5 Tips On How To Tell Your Spouse You Want A Divorce And Not Hate Each Other

Sad looking siblings with arguing parents behind them

When Janet told her husband Matt that she wanted a divorce, he ignored her. A few weeks later, a process server showed up at the door and handed him papers marked “divorce summons.” That’s when Matt realized she was serious. Despite Janet’s efforts to let Matt know her feelings, he still expressed shock and resentment. This set the stage for a very bitter contested divorce.

Most people are uncomfortable with conflict. But you cannot afford to “ghost” out of a marriage when you have kids and property to divide. If you haven’t told your spouse you are unhappy, the news of a divorce will be even more devastating to them. So how can you avoid surprising your spouse and set the stage for a “friendly” divorce (if at all possible)? Here are a few tips to approach the divorce conversation with that goal in mind:

  1. Time. The person who initiates the divorce generally has the advantage of time: they have moved forward in their mental and emotional process and feel more comfortable in their decision to divorce. The other spouse may not have arrived at that same space yet emotionally. Let your spouse know that you are willing to give them some time to do that emotional catch-up work and come to terms with the divorce.
  2. Certainty. Once you’ve made your decision to divorce, talk to your spouse about it with certainty and confidence. This will help convey to your spouse that you are not asking for permission and this isn’t just another fight – you have come to this decision and are not willing to argue about whether they believe divorce is the “right choice” — it is the right choice for you.
  3. Don’t Play The Blame Game. Avoid fights about the past – troubles and wrongs are all things that you can hash out with a therapist, not your spouse. Getting into previous disputes when you break the news about your decision to divorce will only lead to unnecessary arguments. These past problems may be the reasons you are getting divorced and if you couldn’t solve them during the marriage, you won’t solve them at the end of it.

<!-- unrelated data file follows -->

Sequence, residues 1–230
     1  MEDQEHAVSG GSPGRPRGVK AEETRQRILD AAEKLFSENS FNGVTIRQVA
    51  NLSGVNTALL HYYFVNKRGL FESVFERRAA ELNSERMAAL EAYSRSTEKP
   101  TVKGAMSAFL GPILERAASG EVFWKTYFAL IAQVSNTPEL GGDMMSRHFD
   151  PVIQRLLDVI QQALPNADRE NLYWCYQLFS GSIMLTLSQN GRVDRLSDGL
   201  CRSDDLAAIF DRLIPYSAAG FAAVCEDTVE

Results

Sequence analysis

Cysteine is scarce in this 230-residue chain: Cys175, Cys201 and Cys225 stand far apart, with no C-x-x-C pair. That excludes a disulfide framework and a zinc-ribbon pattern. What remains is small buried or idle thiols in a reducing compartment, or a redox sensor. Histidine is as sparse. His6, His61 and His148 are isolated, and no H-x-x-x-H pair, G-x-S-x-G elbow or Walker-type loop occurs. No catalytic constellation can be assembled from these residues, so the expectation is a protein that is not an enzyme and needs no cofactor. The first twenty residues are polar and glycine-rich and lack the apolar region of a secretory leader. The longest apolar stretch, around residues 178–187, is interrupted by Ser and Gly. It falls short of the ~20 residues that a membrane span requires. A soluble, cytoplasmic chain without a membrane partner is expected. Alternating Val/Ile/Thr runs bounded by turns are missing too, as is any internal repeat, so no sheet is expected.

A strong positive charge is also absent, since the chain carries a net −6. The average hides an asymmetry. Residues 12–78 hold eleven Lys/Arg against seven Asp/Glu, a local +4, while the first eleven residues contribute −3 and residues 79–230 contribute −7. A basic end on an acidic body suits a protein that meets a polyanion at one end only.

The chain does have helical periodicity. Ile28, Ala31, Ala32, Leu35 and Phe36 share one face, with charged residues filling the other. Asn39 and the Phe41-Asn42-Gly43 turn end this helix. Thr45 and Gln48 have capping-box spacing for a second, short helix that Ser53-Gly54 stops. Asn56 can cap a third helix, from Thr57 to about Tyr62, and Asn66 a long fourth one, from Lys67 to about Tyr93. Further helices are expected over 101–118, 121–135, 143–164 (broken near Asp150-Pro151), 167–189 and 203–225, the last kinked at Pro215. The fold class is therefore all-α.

4. Organization. Set a few meetings with your spouse to discuss how to organize the divorce and figure out what areas you both agree on. Steer these conversations to focus on the positives when you can reach a consensus. Continue to remind your spouse that your goal is an amicable divorce and that will benefit you both in terms of a shorter, less expensive process, and if you have kids, on keeping things friendly for future co-parenting. Just a little information about the start of the process can go a long way in establishing that you are using the divorce process as a tool, not a weapon.
  5. Talking To The Kids. Before talking to the kids about the divorce, get a few age-appropriate books that speak to them about divorce. Work hard to make decisions together about what you are each saying to the kids – and whenever possible, approach them together. Kids hear and understand more than parents realize. Creating a unified front will let them know that even when you are apart, they can expect unified parenting from you.

Have you been able to navigate the divorce conversation in a friendly manner? What are some of your tips for keeping things friendly? Discuss in the comments.

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